Illinois Senate committee approves statewide plastic bag tax, exempts Chicago
Shoppers across Illinois would pay a new state-level bag tax under Senate Bill 1240 and House Bill 3335. But Chicago shoppers, who already pay a city bag tax, would not.
Two new bills in the General Assembly would make Illinois home to the nation’s first statewide plastic bag tax. But Chicagoans wouldn’t pay it.
First, a new tax introduced by state Sen. Terry Link, D-Gurnee, would charge Illinois shoppers statewide an extra 7 cents per plastic bag.
The Senate Revenue Committee passed Link’s bag tax proposal, Senate Bill 1240, unanimously on March 6. It specifically exempts Illinois municipalities with a population greater than 2.5 million. Chicago’s population is 2.7 million. It also exempts municipalities with a bag tax on the books as of Feb. 1, 2018, such as Oak Park. The bill now awaits a full Senate vote.
Gov. J.B. Pritzker included a bag tax of his own in his proposed fiscal year 2020 budget, floating a statewide tax of 5 cents per bag. Pritzker’s administration pegged revenue estimates for the new tax at $19 million to $23 million, depending on whether Chicago was exempt.
No U.S. state currently collects a statewide plastic bag tax.
Link’s 7-cent checkout bag charge would be distributed as follows:
- 2 cents per bag flows to the retailer
- 2 cents per bag flows to the state’s general revenue fund
- 3 cents per bag flows to a new state-level Checkout Bag Tax Fund
Chicagoans would not pay this new tax despite the fact that the city receives money from the state’s general fund, where part of the tax revenue would end up.
Chicago is one of a handful of major U.S. cities to impose a bag tax of its own, levying a 7-cent-per-bag tax for both paper and plastic grocery bags since February 2017 – 2 cents go to the retailer and 5 cents go to the city.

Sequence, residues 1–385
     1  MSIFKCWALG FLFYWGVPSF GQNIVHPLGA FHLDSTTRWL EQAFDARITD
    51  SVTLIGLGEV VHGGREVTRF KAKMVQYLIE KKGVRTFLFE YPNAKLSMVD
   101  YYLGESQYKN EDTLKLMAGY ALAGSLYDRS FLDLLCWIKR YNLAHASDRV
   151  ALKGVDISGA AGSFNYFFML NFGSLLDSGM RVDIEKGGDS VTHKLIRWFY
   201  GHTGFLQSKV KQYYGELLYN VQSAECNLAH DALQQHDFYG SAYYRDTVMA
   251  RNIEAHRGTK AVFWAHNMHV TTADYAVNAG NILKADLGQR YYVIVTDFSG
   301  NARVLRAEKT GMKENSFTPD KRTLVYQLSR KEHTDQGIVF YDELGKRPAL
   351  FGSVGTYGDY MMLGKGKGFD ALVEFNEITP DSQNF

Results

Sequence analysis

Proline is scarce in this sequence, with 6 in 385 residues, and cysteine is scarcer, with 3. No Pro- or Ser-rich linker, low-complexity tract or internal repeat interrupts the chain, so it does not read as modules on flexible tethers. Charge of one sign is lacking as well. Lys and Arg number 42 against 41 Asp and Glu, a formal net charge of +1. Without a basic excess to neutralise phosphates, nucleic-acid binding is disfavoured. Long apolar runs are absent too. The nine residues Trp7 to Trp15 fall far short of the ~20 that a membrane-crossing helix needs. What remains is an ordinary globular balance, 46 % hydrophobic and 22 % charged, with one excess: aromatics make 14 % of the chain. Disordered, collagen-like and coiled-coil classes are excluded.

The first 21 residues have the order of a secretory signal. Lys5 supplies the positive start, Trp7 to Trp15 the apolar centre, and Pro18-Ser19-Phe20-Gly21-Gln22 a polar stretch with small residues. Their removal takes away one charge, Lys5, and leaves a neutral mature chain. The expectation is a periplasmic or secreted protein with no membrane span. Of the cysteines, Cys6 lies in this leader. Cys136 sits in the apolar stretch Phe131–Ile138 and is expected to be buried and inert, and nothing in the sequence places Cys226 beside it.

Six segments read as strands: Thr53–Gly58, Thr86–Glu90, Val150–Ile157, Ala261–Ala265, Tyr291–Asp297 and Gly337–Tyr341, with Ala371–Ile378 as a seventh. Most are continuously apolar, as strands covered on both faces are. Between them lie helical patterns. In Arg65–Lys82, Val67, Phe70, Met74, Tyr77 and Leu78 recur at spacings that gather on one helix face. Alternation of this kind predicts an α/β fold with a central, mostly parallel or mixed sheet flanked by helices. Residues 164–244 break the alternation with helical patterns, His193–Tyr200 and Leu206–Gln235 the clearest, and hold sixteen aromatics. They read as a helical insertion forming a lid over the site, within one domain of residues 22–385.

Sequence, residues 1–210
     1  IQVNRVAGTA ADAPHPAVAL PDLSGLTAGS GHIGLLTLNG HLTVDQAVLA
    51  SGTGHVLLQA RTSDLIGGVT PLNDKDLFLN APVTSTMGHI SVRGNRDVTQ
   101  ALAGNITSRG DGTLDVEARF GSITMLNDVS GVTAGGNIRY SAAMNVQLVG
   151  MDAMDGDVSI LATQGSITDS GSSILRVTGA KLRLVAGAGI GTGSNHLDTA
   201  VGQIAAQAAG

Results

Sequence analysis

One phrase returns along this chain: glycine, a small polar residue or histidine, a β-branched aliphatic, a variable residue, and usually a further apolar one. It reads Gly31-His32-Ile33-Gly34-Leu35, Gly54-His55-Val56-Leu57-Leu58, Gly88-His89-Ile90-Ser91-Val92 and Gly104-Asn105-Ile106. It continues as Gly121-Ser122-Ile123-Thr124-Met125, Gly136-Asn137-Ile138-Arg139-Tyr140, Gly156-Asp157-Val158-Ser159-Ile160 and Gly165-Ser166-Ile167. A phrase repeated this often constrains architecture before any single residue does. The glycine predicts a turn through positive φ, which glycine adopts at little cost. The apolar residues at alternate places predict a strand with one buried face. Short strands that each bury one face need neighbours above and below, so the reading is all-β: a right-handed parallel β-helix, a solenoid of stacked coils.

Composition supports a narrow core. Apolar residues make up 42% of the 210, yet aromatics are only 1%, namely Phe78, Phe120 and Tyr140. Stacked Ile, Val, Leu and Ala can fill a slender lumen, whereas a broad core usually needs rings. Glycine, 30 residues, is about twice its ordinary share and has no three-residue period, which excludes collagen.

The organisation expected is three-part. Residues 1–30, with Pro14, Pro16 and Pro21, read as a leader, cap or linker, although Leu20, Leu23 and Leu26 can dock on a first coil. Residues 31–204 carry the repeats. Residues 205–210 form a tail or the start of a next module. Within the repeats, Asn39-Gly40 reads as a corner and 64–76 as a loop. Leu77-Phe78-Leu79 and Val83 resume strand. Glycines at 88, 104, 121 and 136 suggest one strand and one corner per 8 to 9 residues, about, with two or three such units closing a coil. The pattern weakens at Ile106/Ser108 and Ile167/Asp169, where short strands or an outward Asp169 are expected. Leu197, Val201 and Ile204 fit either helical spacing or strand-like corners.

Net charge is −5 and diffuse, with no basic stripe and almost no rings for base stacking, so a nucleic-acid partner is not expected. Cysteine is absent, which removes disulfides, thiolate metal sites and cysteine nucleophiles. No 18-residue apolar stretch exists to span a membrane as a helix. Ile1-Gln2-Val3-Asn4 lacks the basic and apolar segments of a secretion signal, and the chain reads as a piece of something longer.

Link and Pritzker aren’t alone.
State Rep. Ann Williams, D-Chicago, also introduced a statewide bag tax that would not apply to Chicago residents. House Bill 3335 would charge a 10-cent-per-bag fee, with 3 cents going to the retailer, 4 cents into the Carryout Bag Fee Fund, 1 cent to the Prairie Research Institute of the University of Illinois, 1 cent to the Solid Waste Management Fund, and 1 cent into the Partners for Conservation Fund.
Municipalities with over 1 million residents are exempt from the 10-cent charge.
Under any of these bag tax proposals, Illinois would become the only U.S. state to charge a plastic bag tax that flows to state coffers.
California comes closest. It bans single-use plastic bags and mandates certain businesses to levy a 10-cent minimum charge for recycled paper bags, reusable plastic bags and compostable bags. The stores that sell the bags keep the fee money. Washington, D.C., in 2009 passed a 5-cent tax on disposable paper and plastic bags for businesses that sell food or alcohol.
In contrast to Illinois, neighboring states such as Missouri, Iowa, Wisconsin, Michigan and Indiana all have state laws on the books preventing local bag taxes.